The University was approached by the kosher biscuit manufacturer Rakusen’s to install Industry 4.0 technologies into its 100-plus year old production line.
Konur told Food Manufacture he was initially skeptical, unsure of how his experience with AI could benefit a company that had been making products using traditional methods for more than a century.
“A colleague of mine was invited to discuss some potential collaboration,” he explained. “I thought that there wasn’t any real collaboration between a computer science department and a very traditional company that operates on traditional processes.
Limitations and constraints
“After the first meeting we met several more times to discuss further collaboration and interestingly after several meetings we started to think about quite interesting collaboration opportunities. In particular, when they talked about some constraints and limitations with processes and how does that affect their business.”
The first priorities were to understand the production process at the site and the rationale behind Rakusen’s’ choice to use traditional methods and machinery. From here, Konur’s team was able to identify the key issues that had been holding the business back.
“The problem was they [workers at the factory] didn’t understand or know how the process worked,” he continued. “For generations they relied upon experienced people – through trial and error they found the right combinations that their customers had been enjoying for generations.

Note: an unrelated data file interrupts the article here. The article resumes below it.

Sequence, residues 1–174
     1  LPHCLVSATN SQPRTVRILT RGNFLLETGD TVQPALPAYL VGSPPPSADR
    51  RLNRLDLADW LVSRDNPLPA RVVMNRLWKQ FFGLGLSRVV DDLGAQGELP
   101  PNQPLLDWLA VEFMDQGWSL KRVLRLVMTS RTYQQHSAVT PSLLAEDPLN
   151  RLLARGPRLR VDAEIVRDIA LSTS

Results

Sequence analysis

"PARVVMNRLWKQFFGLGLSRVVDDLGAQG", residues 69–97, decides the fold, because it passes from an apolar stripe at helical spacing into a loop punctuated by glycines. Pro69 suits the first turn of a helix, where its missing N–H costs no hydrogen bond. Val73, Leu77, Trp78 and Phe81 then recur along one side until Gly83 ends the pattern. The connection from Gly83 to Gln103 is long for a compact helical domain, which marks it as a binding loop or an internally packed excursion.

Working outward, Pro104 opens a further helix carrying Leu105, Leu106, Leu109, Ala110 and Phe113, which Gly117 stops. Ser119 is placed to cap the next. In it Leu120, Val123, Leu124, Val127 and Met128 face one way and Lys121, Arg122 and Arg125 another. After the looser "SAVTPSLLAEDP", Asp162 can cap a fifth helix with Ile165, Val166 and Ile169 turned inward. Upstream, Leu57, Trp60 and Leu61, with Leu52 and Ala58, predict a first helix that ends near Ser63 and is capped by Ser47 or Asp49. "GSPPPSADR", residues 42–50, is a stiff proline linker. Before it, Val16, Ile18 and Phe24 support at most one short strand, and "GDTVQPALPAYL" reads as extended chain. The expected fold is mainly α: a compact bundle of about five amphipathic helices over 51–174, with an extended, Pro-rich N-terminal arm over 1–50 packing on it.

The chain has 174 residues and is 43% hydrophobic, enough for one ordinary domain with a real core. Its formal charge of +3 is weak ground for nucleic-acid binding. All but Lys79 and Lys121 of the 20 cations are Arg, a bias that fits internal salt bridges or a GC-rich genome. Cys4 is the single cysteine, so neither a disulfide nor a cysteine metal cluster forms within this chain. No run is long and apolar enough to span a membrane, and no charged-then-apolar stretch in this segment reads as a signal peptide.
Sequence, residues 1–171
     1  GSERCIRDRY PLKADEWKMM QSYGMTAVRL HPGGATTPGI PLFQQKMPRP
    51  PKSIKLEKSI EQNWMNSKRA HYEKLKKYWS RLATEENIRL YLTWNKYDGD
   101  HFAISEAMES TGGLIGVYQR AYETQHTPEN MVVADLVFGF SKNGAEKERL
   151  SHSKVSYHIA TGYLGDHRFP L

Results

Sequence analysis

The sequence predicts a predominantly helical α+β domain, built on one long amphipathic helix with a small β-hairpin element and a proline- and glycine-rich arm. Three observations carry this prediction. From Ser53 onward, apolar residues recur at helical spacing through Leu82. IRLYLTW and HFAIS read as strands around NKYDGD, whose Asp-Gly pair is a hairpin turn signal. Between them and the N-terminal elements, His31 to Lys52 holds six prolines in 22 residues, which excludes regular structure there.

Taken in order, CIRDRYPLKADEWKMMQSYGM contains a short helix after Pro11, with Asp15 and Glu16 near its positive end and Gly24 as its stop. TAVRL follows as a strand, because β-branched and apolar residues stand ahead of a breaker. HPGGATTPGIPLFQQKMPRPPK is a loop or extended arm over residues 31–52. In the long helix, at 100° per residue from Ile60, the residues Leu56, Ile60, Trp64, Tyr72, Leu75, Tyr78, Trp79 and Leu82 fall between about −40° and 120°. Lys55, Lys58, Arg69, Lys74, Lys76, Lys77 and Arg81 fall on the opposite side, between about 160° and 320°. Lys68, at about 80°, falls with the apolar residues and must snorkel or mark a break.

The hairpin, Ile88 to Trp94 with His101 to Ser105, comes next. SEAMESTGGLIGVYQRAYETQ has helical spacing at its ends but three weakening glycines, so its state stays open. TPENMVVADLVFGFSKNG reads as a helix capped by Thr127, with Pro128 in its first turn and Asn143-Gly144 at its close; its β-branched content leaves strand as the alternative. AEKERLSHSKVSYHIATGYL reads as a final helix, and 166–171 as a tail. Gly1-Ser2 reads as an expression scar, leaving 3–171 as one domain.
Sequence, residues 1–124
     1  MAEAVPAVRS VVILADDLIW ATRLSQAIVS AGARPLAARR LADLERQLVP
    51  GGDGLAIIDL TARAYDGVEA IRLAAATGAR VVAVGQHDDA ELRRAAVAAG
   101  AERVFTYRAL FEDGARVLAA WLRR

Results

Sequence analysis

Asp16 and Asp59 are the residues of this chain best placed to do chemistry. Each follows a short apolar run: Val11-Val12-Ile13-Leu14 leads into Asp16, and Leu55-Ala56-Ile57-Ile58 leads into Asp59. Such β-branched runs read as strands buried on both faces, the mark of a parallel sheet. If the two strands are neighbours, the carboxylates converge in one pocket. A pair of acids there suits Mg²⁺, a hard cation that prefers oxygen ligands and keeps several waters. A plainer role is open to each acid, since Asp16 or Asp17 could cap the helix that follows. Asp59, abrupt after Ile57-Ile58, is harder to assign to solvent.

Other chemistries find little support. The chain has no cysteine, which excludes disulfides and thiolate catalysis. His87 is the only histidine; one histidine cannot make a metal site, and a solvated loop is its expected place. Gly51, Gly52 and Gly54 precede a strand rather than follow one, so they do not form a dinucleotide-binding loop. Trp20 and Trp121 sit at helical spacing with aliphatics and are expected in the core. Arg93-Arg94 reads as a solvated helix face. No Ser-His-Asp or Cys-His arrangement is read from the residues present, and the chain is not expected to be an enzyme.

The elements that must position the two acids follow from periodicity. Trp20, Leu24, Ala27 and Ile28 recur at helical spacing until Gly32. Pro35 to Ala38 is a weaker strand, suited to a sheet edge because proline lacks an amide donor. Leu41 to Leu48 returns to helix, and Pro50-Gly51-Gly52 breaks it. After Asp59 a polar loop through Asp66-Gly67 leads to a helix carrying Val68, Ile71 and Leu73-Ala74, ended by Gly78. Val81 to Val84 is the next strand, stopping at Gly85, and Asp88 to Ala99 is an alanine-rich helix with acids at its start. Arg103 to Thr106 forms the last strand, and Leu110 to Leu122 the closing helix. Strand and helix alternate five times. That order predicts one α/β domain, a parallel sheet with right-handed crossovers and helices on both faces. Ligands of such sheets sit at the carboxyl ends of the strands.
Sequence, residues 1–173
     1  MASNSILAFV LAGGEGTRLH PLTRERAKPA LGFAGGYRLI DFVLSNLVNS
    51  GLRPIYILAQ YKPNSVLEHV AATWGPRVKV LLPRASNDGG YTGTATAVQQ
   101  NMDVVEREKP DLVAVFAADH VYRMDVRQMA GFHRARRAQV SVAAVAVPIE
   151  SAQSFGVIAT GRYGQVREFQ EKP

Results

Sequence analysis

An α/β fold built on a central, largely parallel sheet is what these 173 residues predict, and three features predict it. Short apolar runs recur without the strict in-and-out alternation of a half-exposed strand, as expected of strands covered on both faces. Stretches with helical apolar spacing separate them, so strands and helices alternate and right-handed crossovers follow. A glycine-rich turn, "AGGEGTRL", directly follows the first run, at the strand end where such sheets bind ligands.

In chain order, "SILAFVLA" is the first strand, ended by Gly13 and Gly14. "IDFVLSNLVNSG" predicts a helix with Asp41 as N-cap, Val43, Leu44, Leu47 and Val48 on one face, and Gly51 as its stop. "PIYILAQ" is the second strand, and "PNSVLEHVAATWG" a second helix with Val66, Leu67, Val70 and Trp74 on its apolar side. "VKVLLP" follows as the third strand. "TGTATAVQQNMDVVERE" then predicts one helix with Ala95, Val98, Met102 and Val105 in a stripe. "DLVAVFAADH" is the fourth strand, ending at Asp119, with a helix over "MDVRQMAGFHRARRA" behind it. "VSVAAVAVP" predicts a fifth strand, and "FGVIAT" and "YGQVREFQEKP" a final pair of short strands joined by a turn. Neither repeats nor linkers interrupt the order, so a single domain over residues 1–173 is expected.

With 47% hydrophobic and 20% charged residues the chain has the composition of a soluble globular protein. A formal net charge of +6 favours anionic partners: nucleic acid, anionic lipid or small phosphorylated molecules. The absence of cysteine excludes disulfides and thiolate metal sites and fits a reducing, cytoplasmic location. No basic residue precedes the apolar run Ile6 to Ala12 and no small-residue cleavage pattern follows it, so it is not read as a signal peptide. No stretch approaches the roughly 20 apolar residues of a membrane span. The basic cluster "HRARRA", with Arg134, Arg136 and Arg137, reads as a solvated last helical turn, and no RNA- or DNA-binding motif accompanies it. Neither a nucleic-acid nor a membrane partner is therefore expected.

“But if these experienced people get sick or go on holiday, this creates significant interruptions and disruption to processes. The project allows them very clear understanding of how things are going on.”
Rakusen’s was able to identify key areas within the business where new tech could be used to streamline the production process and fully understand parts of the factory previously left under-utilised.
“The project allowed them to produce products consistently without the need of experienced people, because the system we had developed had translated human expertise into machine intelligence,” added Konur. “Without experienced operators around, the system could tell them what is the required temperature needed and anyone that doesn’t understand the system could adjust and do that.”
“This is a significant transformation for the company that gave them confidence to distribute their production to different ovens so they could expand their capacity and allowed them more opportunities to export markets, especially in the US.”
Meanwhile, Fortress Technology has expanded its new range of intelligent inspection systems for food manufacturers developing IoT lines, including an extra-large (XL) version for bulk applications.